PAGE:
In addition, the Russian authorities launched a campaign to shut down several popular underground shops and services, specifically VPN services and carding shops such as Luxsocks, and UNICC, among others. Many of these shops’ home pages were replaced with a warning message from MVD’s “K” department, such as this:

This source is blocked.
UNICC service is closed forever after a special operation by law enforcement agencies. Department “K” of the MVD warns: theft of funds from bank’s credit cards is illegal!
UNICC's home page
Popular carding shop UNICC's home page with a message from MVD’s “K” department.
TDStore’s home page
Popular carding shop TDStore’s home page with a message from MVD’s “K” department.

Panic Ensues

The efficiency with which the arrests were made suggests that Russian authorities know much more about the cybercriminals operating in country than previously acknowledged. The scope and speed of the law enforcement actions triggered panic and confusion amongst cybercriminals. In popular Russian online underground communities, there was a surge of posts reflecting fear, confusion, and theories for the change in law enforcement policy.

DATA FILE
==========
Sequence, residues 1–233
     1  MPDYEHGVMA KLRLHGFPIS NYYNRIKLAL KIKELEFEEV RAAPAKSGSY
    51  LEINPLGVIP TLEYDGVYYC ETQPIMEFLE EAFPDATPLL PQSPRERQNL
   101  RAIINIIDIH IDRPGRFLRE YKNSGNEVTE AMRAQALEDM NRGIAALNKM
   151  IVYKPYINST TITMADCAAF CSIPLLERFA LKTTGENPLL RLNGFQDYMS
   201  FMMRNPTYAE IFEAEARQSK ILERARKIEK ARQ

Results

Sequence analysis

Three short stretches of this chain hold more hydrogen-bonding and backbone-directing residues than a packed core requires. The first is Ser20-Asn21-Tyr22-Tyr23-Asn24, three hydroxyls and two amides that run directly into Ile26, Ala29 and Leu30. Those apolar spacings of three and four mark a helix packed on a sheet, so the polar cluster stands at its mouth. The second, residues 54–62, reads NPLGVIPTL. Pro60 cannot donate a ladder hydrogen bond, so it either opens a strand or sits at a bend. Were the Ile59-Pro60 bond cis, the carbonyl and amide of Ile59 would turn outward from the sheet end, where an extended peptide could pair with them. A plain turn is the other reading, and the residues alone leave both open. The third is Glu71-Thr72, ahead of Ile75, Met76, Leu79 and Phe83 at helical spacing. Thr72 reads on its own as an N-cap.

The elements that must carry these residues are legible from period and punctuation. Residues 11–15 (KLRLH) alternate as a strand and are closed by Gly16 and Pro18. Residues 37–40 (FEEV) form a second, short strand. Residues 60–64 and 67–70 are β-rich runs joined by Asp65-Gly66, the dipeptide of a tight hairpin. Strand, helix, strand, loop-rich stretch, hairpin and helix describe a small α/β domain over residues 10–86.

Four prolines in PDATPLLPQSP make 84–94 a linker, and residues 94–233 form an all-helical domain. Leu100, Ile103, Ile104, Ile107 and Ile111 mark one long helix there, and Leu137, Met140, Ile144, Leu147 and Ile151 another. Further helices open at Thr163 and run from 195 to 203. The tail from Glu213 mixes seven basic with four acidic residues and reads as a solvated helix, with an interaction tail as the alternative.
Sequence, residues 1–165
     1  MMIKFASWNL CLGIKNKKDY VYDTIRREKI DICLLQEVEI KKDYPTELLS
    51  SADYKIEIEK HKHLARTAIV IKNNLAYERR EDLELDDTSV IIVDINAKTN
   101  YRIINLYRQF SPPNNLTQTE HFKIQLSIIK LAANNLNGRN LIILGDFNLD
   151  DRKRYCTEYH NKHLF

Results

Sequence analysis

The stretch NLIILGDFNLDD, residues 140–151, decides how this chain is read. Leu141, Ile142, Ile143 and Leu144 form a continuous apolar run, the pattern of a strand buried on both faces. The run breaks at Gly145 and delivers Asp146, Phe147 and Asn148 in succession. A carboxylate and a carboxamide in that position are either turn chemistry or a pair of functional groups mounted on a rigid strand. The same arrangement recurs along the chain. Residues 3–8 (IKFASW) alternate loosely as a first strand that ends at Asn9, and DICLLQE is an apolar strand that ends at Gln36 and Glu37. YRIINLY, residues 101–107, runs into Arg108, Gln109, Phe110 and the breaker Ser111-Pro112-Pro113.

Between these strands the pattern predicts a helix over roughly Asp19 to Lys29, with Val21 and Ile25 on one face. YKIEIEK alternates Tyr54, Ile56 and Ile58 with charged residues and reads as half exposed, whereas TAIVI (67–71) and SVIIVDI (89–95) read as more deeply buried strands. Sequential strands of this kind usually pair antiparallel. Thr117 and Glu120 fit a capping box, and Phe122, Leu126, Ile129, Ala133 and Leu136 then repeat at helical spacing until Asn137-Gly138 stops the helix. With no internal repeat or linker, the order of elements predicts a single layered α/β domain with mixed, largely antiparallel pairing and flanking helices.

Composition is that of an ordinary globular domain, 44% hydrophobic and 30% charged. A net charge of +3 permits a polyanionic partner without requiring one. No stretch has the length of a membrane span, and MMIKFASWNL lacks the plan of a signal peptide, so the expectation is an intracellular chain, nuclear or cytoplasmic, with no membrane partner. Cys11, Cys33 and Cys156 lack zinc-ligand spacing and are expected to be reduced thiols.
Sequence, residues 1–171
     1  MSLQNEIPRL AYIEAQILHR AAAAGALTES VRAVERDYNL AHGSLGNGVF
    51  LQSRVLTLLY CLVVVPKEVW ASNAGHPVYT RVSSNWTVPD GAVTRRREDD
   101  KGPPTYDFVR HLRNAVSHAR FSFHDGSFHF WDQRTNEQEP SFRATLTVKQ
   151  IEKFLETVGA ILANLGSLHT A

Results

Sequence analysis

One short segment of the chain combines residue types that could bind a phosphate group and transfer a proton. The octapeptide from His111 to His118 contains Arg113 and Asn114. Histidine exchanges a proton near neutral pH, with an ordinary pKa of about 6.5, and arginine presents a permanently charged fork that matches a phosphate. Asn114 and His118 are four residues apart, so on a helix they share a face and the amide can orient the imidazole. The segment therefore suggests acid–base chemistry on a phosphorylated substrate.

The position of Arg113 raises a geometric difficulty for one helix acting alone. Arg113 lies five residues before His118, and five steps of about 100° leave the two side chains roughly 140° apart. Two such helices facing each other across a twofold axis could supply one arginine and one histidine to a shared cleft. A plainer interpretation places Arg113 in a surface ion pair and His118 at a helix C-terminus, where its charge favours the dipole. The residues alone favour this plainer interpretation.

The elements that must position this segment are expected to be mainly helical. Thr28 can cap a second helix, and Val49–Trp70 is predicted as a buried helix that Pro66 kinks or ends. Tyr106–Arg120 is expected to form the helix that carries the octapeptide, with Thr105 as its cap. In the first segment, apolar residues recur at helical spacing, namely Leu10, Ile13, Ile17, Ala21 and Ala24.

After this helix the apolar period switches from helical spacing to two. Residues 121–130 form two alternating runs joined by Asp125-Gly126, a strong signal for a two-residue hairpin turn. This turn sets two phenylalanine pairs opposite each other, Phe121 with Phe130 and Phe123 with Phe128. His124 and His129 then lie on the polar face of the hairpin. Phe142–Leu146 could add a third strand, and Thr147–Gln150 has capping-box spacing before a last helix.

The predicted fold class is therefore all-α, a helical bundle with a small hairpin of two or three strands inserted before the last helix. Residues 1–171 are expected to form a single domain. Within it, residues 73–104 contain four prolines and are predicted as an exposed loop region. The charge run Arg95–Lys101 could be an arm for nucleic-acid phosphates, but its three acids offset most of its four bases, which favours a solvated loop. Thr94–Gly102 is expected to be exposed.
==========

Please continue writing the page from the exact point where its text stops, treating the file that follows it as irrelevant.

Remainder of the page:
Very reputable threat actor replies to another post asking why Russian LE don't pursue scam call centers that target Russia. The reply is: "Call centers do not harm the US. For those who don't understand, starting from the New Year life has really changed".
"It becomes scary. First luxsocks and Revil, now these shops. Looks like it either becomes more dangerous, or LE simply recruit hackers before the possible invasion to Ukraine."

Some cybercriminals questioned how law enforcement succeeded in tracing cybercriminals as they use various anonymizers to obfuscate their digital activities; a fact that raised the fear level amongst cybercriminals.

"It's interesting how the police figure out entire groups that 100% use different anonymizers. Is everything really simple and tied to bitcoin and cashing out?"